• Prep Time: 15 minutes
  • Cook Time: 1 hour 10 minutes
  • Total Time: 1 hour 25 minutes
  • Course: Dinner
  • Cuisine: American
  • Author: Sabrina Snyder

Texas Chili is a classic spicy bean-free chili known as "Bowl o' Red" that's smoky, beefy and full of flavor. Perfect for game day, cookouts and crockpots!

Ingredients

  • 2 tablespoons vegetable oil
  • 2 yellow onions , diced
  • 3 garlic cloves , finely minced
  • 2 pounds ground beef , (85/15)
  • 1 teaspoon kosher salt
  • 1/4 cup ancho chile powder
  • 2 tablespoons cumin
  • 1 tablespoon paprika
  • 1 tablespoon brown sugar
  • 29 ounces diced tomatoes
  • 6 ounces tomato paste
  • 4 cups beef broth

Instructions

Note: click on times in the instructions to start a kitchen timer while cooking.

  1. Add vegetable oil and onions to a large dutch oven on medium heat and cook until the onions are translucent, about 6-8 minutes.

  2. Add the garlic, and cook for 1 minute stirring well.

  3. Add the ground beef, breaking apart as you cook it for 6-8 minutes but leave the chunks a bit larger, and allow the beef to sear well.

  4. Add in the salt, ancho chile powder, cumin, paprika and brown sugar and stir well, cooking for 1 minute.

  5. Add in the diced tomatoes, and tomato paste and whisk well until the tomato paste is well mixed in.

  6. Add in the beef broth and bring to a simmer, reduce the heat to medium low and cook for 1 hour, stirring every fifteen minutes.

  7. Chili is done when the beef broth is reduced to the right consistency where the ground beef is not lost in the gravy.

Nutrition Information

Yield: 8 Servings, Amount per serving: 294 calories, Calories: 294g, Carbohydrates: 12g, Protein: 27g, Fat: 16g, Saturated Fat: 8g, Cholesterol: 74mg, Sodium: 995mg, Potassium: 929mg, Fiber: 3g, Sugar: 6g, Vitamin A: 895g, Vitamin C: 17g, Calcium: 85g, Iron: 6g

All images and text Ā© for Dinner, then Dessert.

Keyword: Texas Chili
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About the Author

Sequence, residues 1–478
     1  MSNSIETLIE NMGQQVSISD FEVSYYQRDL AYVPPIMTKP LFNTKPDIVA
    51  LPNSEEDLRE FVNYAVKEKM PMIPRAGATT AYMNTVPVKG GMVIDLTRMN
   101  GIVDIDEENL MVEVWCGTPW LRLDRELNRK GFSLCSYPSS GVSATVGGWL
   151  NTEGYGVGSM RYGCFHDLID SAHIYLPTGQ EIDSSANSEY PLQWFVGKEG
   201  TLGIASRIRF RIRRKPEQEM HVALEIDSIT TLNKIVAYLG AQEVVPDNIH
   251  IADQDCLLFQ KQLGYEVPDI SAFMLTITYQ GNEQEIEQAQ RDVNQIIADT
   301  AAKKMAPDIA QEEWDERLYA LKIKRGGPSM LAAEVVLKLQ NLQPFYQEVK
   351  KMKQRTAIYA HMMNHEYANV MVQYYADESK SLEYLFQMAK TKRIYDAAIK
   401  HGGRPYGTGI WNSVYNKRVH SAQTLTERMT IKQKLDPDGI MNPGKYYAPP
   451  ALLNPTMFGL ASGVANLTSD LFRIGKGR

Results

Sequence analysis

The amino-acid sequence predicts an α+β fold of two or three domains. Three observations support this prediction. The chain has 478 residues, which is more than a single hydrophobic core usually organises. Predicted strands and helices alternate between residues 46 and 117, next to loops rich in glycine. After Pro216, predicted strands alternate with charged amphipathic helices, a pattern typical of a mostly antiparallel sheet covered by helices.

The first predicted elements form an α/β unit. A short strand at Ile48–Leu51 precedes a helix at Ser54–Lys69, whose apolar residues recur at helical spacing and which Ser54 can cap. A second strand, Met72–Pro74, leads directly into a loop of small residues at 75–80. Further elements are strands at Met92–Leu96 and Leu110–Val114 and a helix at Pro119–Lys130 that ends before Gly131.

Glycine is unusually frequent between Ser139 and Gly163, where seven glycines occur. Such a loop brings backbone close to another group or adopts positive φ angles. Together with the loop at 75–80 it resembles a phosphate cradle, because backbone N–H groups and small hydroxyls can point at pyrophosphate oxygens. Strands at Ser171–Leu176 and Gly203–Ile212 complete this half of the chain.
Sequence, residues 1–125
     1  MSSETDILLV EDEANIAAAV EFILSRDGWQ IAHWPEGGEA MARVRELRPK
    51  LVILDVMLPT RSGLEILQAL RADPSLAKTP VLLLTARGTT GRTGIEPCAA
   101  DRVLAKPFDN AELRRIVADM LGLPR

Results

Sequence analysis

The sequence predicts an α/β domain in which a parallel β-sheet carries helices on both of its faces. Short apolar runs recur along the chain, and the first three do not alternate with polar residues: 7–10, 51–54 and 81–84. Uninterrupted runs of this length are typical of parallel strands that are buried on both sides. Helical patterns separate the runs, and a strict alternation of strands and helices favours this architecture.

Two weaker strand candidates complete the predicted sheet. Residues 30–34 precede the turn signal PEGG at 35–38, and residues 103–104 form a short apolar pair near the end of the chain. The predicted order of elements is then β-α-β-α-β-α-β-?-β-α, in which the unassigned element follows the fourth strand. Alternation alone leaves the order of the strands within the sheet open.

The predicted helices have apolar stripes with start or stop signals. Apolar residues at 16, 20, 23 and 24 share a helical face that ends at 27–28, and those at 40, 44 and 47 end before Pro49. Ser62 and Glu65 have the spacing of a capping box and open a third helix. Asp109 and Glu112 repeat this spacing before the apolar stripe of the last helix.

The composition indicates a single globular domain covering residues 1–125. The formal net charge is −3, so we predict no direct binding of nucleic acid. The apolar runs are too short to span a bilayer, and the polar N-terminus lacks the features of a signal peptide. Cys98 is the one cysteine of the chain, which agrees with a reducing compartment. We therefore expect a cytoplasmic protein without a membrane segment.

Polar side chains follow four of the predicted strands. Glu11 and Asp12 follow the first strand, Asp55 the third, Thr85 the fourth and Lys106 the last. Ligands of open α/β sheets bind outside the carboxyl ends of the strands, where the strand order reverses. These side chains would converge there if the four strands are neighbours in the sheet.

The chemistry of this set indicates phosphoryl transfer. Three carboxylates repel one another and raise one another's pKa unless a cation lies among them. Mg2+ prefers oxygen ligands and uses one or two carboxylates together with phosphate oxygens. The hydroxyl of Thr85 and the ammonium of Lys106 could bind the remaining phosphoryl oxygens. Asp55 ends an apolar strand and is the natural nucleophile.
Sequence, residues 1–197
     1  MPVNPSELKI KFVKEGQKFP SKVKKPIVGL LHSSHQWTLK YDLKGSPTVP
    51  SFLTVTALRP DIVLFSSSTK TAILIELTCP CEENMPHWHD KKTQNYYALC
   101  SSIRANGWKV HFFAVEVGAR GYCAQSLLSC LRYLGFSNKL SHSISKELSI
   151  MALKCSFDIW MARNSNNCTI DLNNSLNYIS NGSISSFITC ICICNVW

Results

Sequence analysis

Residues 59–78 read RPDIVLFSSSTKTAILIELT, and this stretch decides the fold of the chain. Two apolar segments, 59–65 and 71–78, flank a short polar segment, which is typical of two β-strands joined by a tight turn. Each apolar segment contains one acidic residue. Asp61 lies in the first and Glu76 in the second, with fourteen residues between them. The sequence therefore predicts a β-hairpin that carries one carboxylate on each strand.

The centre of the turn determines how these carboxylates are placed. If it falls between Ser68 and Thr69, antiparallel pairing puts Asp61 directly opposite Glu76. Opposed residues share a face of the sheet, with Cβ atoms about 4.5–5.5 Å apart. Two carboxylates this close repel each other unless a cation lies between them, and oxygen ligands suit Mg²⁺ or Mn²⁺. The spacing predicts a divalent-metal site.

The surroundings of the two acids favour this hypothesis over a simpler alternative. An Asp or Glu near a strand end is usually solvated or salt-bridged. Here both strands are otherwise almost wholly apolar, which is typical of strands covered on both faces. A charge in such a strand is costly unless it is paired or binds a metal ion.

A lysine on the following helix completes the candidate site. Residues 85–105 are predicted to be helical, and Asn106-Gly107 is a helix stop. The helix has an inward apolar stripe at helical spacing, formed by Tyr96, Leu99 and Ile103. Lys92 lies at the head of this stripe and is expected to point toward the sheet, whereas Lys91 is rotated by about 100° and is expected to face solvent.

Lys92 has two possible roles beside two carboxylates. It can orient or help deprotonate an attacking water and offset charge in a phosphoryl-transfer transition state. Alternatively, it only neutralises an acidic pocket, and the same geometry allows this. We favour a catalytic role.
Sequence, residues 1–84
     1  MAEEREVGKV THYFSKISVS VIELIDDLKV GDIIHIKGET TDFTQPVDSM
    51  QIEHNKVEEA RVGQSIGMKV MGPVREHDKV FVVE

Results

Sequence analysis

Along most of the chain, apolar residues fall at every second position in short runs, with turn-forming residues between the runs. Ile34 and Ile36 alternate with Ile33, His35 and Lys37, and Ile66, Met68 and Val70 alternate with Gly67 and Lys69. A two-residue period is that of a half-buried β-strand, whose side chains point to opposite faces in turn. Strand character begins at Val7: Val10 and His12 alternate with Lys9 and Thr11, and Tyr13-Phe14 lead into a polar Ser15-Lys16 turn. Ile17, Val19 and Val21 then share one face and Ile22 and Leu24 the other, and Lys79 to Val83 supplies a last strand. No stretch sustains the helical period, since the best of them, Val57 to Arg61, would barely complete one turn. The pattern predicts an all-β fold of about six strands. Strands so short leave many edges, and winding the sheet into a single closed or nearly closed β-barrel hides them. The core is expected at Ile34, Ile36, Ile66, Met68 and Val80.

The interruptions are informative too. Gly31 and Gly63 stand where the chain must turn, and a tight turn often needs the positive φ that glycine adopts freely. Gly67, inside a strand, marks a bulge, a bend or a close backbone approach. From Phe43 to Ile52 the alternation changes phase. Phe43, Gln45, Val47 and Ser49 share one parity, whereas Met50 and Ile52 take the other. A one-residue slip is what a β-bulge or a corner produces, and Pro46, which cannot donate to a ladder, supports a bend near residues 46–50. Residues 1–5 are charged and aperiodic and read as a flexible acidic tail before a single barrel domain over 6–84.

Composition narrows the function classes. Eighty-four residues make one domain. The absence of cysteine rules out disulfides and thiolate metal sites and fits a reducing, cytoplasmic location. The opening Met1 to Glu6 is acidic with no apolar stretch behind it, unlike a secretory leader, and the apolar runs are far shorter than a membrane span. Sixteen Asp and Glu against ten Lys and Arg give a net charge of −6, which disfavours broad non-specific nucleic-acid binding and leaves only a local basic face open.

Sabrina Snyder

Sabrina is a professionally trained Private Chef of over 10 years with ServSafe Manager certification in food safety. She creates all the recipes here on Dinner, then Dessert, fueled in no small part by her love for bacon.

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Dinner, then Dessert, Inc. owns the copyright on all images and text and does not allow for its original recipes and pictures to be reproduced anywhere other than at this site unless authorization is given. If you enjoyed the recipe and would like to publish it on your own site, please re-write it in your own words, and link back to my site and recipe page. Read my disclosure and copyright policy. This post may contain affiliate links.

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Comments

  1. Wanting to this for a company christmas dinner#!question is want to do ic crock pot what do I need to change? Thank you!!?

    1. Such a great idea! I would follow the instructions up to step 6. Once you add the beef broth and bring it to a simmer, transfer all of it into a slow cooker and cook on low for 7 hours. Enjoy!

  2. I”m a no beans kind of chili-loving gal, and this recipe was right up my alley! It was hearty, full of flavor, and just the right amount of kick. It was better leftover the nxt day, too!

  3. I made this yesterday afternoon, it was a 12 degree day outside here in Michigan..brrrrr
    Perfect weather for a hot bowl of chili. This turned out FABULOUS and sooooo deep with flavor. Didn’t miss the traditional beans of other chili’s at all!! Sent some home with my daughter for her family,and she texted me later saying she’s ruined now lol
    Thank you Sabrina for your recipes that are easy to prepare and always are a hit.
    This one is definitely in the “save” box šŸ™‚
    Terry O’Connor

  4. This sounds delicious but I beg to differ with you about it being an authentic bowl of red. I was taught that “real” chili is red in color due to the various pure chili powders that are used, not because of tomato. There is no tomato in the recipe I made in a cooking class in Albuquerque. Now, in all fairness, perhaps that’s a New Mexican bowl of red; Texas may still cling to the tomatoes but the original chili makers (trail cooks on cattle drives) probably had no access to tomatoes but did have dried chile peppers that they could grind up. Just sayin’

    1. Totally agree with you, I mention the tomatoes in the post. I keep the tomatoes in because in cooking both ways for clients over the years when I go for multi-chili, no tomato it causes many people to have stomach issues. The tomatoes, while not being 100% traditional are used in many restaurants I’ve enjoyed throughout Texas and it makes the flavors more approachable.

      Personally, I like cutting back on the diced tomatoes, upping the paste and the chili powder but I have a bit of an iron stomach. I also have had several issues with clients having problems sourcing the various types of chili.

      I feel like this recipe makes for a delicious yet attainable bowl of red. I will, however, completely agree with you, I would personally love to add a couple more varieties of chili powder. It would just make this more of a “coffee table” recipe which I try to avoid on the site.